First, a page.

Peshawar, PAKISTAN – Peshawar’s Army Public School, the site of a massacre that killed 149 people almost a month ago, has reopened amid tight security in the capital of Pakistan’s Khyber Pakhtunkhwa province.
Helicopters flew overhead early on Monday morning while dozens of army soldiers patrolled the streets around the school, tightly screening entry and exit points to the school compound.
Grim-faced soldiers stood guard as hundreds of children and their parents streamed into the school, where a memorial service was held in the presence of the country’s army chief, General Raheel Sharif.
The mood among the students was sombre but defiant as they entered the premises.
Many of the children were brought to the school in army lorries, which doubled up as school buses on this, the first day of school in the new year.
Access to the school was tightly controlled, with army soldiers standing guard on several pickets and machine gun nests established in the streets around the school, and as well as the graveyard immediately adjacent to it.
In the days since the attack, the school’s walls have been refortified, with spools of razor wire wound around the perimeter.
A second perimeter wall, about 50m from the main entrance, has also been erected, in addition to new CCTV systems.
Particular attention was paid by security forces to the locality behind the school, from where at least seven armed men broke into the premises on December 16, in an attack that saw them go room by room, killing 149 people in all, the deadliest attack in Pakistan’s history.
Executed in classrooms
More than 130 of those killed were students, many of them executed in their classrooms and in the school’s main auditorium.
In the wake of the attack, Pakistan lifted a moratorium on executions in what it called “terrorism cases”, and constituted military courts to try said cases.
The army also stepped up ongoing military operations in the country’s tribal areas, where troops have been battling the Tehreek-e-Taliban Pakistan (TTP) and its allies since June.
The TTP claimed responsibility for the attack on the school in Peshawar, saying it was carried out in “revenge” for the alleged killing of women and children in the tribal areas by the military.
“I think it is a good thing that the school is reopening,” Tariq Aziz, 30, whose younger brother, Asad, was killed in the attack, told Al Jazeera.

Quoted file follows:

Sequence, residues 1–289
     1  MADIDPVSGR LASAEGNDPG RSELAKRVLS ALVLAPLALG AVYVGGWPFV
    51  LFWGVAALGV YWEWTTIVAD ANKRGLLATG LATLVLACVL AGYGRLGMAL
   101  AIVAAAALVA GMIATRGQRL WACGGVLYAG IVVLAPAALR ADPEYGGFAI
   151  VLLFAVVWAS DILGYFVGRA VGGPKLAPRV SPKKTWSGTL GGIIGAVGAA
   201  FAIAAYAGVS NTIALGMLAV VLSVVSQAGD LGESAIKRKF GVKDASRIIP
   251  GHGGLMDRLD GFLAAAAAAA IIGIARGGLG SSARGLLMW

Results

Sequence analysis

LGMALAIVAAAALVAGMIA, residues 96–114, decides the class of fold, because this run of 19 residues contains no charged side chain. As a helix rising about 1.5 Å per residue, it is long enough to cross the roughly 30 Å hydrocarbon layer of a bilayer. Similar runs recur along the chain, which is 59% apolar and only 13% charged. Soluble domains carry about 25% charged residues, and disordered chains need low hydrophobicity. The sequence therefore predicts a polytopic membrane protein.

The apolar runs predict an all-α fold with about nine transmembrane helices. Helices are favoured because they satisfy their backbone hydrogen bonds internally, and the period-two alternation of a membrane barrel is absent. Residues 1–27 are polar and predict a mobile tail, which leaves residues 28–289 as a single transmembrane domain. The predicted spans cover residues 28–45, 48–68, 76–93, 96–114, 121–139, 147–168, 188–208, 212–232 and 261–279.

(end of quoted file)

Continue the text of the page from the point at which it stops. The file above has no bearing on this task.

“Already time has been wasted, and the students’ studies are suffering.”
“Even if we are not safe, what can we do? We have to send our children to school. For the sake of their education.”
Hasan Syed, 10, survived the attack, and was one of those who went back to the school on Monday.
“I will not be afraid of going back – I will go back to the school,” he told Al Jazeera.
“This determination is because my cousin [Asad Aziz] was martyred. If I go to school, it is like I am challenging the terrorists.”
Zahid Ayub, 15, was in the auditorium when the attackers broke in. He said he and his friends had initially dismissed the sound of gunfire by joking about it.
“Once they killed the ones who were running away, then they came row by row and started firing,” he told Al Jazeera, recalling how he and his friends dropped to the ground as soon as the realised the gunfire was real.
“My three friends were with me. When they came to our row, they started firing. I was looking down, at the ground, but when I looked up, one of them was bleeding from the leg. The other, he got up slowly and then he was hit by a bullet in the face.”
That boy’s name was Azhar Naseer, and he would not survive the attack.
As Ayub starts naming his friends who died in the massacre, he reaches ten names, before his memory begins to fail him. There are many more, he assures me.
“When I saw my friends pictures on the television [after escaping], I thought that these were the same people who used to say to me that some day they would be famous and recognised by everyone […] they wanted to be popular. And now, they’re not in this world anymore, but everyone knows them.”
Ayub was able to escape by playing dead, and running to find shelter in a classroom when the attackers moved on to a different building in the school.